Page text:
Apache County, Arizona, Court Administrator Sueanne Czarnyszka stands next to the door to an elevator mechanical room in the courthouse basement where historic documents were discovered. The note on the door reminds everyone that storage is not allowed in the room; photo by Trudy Balcom/The Independent.
A routine elevator inspection isn’t always routine — problems that need correcting may be uncovered, and, in a worst-case scenario, the elevator may be shut down for safety reasons. But, a recent inspection at the Apache County Courthouse in St. Johns, Arizona, was unusual for an entirely different reason: it turned up a treasure trove of old papers that document the county’s early history, the White Mountain Independent reports. While conducting his check of
This colorful 1918 plat map of Apache County includes the handwritten names of property owners and a legend of the county’s original wagon trails. The map was in use until 1937; photo by Trudy Balcom/The Independent.
an elevator at the courthouse, the inspector entered a mechanical room in which boxes had been inappropriately stored. He told Court Administrator Sueanne Czarnyszka that the boxes would have to be removed, so she had the boxes taken up to her office and began inspecting their contents. What she found was amazing: For one, a 1918 color plat map of the county that had handwritten names of landowners; but, there was also a variety of legal documents, including court proceedings and attorney records. Among notable items were documents relating to landowner and pardoned criminal Phin Clanton, whose brother, Billy, was killed in the famous “Gunfight at O.K. Corral.” Phin was later suspected in an apparent revenge ambush of lawman Virgil Earp, though he was never charged.
The priceless documents are to be sent to the state archives, but they provide a valuable reminder: you never know what will turn up during a routine elevator inspection.
Philipp Bellessort holds his mangled MacBook. The computer was left broken and twisted after it got sucked into an escalator at a London Tube station; photo by Mercury Press via The Sun.
Philipp Bellessort, a 28-year-old budding entrepreneur, lost months of work and a GBP1,000 (US$1,300) computer while riding an escalator at a London Tube station, The Sun reported on October 13. Bellessort, in the process of launching a recruitment firm, was going home after meeting with a client. While stepping onto an escalator at the Bond Street station, he set his computer bag down on a step. “As I was halfway up, the bag got sucked into [the escalator],” he told the Sun. He heard the bag tear, then realized the MacBook inside was damaged. “When I picked it up and looked what damage had been done, I was in shock,” he said, adding that all of his client data and contacts were lost. “I started the company three months ago and I’ve worked for seven days a week, 18 hours a day since then. All that is lost,” he told The Sun. A Transportation for London spokesman said the incident was being looked into, but noted that posters and announcements warn riders “to keep their belongings clear of escalators.”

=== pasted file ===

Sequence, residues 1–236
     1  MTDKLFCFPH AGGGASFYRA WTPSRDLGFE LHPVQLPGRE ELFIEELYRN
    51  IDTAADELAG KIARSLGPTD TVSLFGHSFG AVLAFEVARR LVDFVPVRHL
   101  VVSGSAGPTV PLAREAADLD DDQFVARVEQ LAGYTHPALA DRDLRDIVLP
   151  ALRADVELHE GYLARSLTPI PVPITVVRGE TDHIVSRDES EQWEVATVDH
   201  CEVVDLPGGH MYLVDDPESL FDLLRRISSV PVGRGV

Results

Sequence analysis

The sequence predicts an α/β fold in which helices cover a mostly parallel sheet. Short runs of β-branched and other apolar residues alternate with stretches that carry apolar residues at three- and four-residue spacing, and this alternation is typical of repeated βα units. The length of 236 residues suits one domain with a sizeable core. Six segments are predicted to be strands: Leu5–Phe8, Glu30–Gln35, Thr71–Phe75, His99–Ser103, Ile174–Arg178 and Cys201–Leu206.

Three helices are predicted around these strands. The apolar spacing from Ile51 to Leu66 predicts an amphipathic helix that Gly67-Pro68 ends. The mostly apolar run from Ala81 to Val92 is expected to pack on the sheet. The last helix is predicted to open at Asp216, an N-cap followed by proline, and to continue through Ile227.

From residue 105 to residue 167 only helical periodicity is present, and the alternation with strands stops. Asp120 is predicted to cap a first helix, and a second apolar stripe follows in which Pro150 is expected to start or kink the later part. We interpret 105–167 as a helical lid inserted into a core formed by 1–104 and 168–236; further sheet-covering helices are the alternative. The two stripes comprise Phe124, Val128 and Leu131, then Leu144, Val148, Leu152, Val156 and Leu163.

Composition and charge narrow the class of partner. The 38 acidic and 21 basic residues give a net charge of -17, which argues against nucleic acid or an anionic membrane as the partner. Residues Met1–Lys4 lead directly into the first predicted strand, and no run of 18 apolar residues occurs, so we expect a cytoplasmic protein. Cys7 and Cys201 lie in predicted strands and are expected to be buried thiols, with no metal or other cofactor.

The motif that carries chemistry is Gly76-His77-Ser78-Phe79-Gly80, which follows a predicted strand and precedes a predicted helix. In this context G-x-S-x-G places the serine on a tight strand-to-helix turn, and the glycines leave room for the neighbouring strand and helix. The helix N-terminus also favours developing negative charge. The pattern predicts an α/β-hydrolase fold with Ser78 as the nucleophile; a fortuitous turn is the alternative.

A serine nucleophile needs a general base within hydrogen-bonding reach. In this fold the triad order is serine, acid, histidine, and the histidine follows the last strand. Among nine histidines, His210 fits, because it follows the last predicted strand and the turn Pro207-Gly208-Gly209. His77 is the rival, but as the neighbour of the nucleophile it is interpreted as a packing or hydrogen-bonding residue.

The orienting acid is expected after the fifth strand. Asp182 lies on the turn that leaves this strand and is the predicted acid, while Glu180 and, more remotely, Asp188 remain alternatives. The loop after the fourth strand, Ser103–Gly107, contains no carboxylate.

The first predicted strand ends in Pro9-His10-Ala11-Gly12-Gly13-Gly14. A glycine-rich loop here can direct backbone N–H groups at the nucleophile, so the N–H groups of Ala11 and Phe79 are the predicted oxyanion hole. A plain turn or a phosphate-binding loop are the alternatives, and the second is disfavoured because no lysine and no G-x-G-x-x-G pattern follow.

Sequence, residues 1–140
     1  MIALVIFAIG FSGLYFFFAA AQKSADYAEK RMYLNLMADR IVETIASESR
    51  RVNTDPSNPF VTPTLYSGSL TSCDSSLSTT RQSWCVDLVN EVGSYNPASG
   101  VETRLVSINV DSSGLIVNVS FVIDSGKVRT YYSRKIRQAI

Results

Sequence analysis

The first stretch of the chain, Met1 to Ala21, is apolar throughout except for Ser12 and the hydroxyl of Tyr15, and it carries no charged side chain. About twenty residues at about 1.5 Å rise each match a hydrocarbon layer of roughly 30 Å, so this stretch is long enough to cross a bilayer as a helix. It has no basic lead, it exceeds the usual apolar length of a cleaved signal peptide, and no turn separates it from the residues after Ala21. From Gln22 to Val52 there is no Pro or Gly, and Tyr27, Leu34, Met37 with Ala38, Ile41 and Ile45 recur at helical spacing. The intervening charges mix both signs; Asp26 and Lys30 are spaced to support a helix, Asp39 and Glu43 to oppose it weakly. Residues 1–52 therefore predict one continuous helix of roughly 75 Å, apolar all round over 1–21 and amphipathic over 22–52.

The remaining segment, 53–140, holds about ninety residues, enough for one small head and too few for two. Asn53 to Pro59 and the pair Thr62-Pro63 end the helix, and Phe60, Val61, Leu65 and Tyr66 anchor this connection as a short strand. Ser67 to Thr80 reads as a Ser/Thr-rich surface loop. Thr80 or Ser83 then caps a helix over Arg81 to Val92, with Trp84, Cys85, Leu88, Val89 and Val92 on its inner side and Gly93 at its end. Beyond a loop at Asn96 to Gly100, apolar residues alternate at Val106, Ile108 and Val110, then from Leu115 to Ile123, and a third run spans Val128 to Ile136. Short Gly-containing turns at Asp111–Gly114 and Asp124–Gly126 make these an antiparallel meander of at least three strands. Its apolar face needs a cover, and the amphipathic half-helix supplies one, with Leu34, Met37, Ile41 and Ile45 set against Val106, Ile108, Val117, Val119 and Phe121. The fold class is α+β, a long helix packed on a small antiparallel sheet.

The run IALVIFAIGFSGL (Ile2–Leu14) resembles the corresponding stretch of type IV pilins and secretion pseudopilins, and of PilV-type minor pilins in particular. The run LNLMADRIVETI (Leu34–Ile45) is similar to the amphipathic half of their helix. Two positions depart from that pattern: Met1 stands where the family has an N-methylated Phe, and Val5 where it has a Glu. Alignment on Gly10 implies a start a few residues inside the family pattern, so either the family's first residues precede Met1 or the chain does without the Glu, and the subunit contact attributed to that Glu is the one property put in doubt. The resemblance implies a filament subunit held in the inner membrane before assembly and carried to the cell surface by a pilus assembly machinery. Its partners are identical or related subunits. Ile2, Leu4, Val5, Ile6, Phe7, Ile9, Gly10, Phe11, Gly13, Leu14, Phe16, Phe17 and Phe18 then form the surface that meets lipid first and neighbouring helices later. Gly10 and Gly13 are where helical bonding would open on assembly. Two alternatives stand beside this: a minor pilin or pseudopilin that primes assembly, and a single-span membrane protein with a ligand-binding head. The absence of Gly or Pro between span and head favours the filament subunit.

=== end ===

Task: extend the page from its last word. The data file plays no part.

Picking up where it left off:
A future without personal automobiles will require not only a change in attitude, but new infrastructure, as well. One suggested solution is moving sidewalks. Illustration courtesy of EPFL, via swissinfo.ch.
Have you ever tried to imagine a world without personal automobiles?
A four-year research project called the PostCarWorld, funded by the Swiss National Science Foundation, asked people to do just that, and came away with what might seem surprising to some: folks in Switzerland could, indeed, imagine a future without personal vehicles, swissinfo.ch reports. While this vision of a possible future does not completely eliminate cars, the project found that people liked the idea of efficient public transport and walkable urban settings. Of course, there were lifestyle considerations, such as online shopping and telecommuting, but the responses also called for infrastructure improvements.
One of the most fascinating of these improvements was the notion of using moving sidewalks for commuting. In a report presented this week before the Swiss Federal Institute of Technology in Lausanne (EPFL), postdoctoral researcher Riccardo Scarinci found that, if properly designed, moving walkways could move 7,000 commuters per hour, as opposed to roadways, which may accommodate up to 1,800 vehicles. Considering that so many commuters are the sole occupants of cars, the numbers can be quite eye-opening. While this vision may be decades from becoming a reality, it suggests huge, exciting opportunities for those in the business of manufacturing people-moving equipment.